You don't have to look far to find environmental allergy triggers. In fact, nearly all of them can be found inside your home. Fortunately, they're relatively easy to lessen or banish. Follow these tips from allergy specialists to allergy-proof your abode.
What's going on: Mold is very common from the summer through mid-fall — and even longer in hotter climates.
Get rid of it: Get a dehumidifier, said Dr. Clifford Bassett, medical director of Allergy and Asthma Care of New York. Choose the right one for your home with a humidity gauge (Chaney Indoor Thermometer and Humidity Gauge, $13 at amazon.com), which will help you determine the size and strength your home needs. Set the dehumidifier to between 35 percent and 45 percent humidity to keep mold away, Bassett said.
Trigger: Open windows
What's going on: That breeze can drag in ragweed pollen, a known allergen. Some ragweed allergies surface in the spring, and some won't appear until fall, depending on your location.
Get rid of it: You don't need to have your windows closed all day, but make sure to keep them shut between the hours of 10 a.m. and 3 p.m. during the high pollen-count hours, said Dr. Stanley Fineman, president-elect of the American College of Allergy, Asthma & Immunology, and allergist with the Atlanta Allergy and Asthma Clinic. If it's warm enough indoors to turn on the air conditioning, do it — the air conditioner will filter out the pollen. Changing the heater and air conditioner filters frequently will also keep the pollen away.
Trigger: Pet dander
What's going on: Even if you don't have a pet, you can carry fur and other pet dander into your home, which can cause an allergic reaction. Pet dander accounts for 30 percent of all allergic reactions, Bassett said.
Get rid of it: If you're set on keeping your dog or cat, keep them out of bedrooms at all times, Bassett said. Washing your pet once a week will help, but the benefits are short-lived — and difficult to achieve if you have a cat. Taking allergy shots can also reduce your allergic reactions, as can air filters. Bassett recommends Rabbit Air purifiers, which are available in a range of sizes and prices at rabbitair.com.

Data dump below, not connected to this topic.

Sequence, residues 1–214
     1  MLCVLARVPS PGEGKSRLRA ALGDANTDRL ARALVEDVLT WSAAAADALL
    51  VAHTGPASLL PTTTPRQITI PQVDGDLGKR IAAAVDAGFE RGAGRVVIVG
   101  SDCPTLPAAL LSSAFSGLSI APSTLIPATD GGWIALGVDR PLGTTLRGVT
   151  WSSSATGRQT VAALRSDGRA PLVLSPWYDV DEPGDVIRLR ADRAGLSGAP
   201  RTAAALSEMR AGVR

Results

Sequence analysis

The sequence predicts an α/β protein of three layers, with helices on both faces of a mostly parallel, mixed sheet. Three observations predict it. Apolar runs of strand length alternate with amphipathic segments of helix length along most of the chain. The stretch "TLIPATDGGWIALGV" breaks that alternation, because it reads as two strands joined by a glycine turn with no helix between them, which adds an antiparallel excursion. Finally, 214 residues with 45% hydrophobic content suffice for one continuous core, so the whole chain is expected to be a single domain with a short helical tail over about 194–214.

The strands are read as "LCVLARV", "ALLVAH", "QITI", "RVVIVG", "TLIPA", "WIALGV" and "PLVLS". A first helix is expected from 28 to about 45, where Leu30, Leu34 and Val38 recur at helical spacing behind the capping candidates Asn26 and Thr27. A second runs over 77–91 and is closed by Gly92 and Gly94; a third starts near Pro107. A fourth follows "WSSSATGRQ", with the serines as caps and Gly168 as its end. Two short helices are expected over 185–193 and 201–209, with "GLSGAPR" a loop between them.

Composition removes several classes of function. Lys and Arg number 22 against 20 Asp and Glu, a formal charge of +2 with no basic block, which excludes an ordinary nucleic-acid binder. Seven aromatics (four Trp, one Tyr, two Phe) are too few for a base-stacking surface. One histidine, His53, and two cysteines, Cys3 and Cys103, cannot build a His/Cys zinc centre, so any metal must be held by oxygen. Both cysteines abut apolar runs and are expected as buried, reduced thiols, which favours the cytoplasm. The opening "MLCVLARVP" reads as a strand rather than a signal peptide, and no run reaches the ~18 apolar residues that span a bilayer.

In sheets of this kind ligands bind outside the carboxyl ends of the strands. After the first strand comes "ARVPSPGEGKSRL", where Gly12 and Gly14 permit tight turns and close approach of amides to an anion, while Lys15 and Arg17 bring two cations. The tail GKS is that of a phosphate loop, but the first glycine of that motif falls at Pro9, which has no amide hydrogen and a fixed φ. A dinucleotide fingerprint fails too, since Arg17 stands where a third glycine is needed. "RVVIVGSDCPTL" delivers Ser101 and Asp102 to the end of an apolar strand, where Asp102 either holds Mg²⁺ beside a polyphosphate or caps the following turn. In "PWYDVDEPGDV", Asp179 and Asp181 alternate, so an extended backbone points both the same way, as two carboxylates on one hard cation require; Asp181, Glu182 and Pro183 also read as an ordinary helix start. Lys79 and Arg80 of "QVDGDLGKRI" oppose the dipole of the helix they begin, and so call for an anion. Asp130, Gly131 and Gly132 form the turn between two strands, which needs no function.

Triggers: Carpet, drapes and clutter
What's going on: Dust mites, which are tiny insects that feed on human skin, are a very common allergen that can nestle into nearly everything in your home — but especially items that may not get thoroughly cleaned.
Get rid of it: Swap carpets for hardwood floors, horizontal blinds and drapery for washable shades and get rid of as much clutter as possible, including books and newspapers. If you have kids, put their stuffed animals into freezer bags and put them into the freezer for 5 hours a week to kill the mites, Bassett said.
What's going on: The dust mites love your bed, too.
Get rid of it: Many people can't seem to get rid of the dust mites in their bed because they're not washing their bedding in water that's hot enough to kill the mites, said allergist and immunologist Dr. Anju Peters. Make sure you're washing your sheets and blankets on the hot water setting, where the water should be at least 130 degrees, Peters said. Dry your clothing in hot heat, and keep the humidity in your room low.Copyright © 2015, CT Now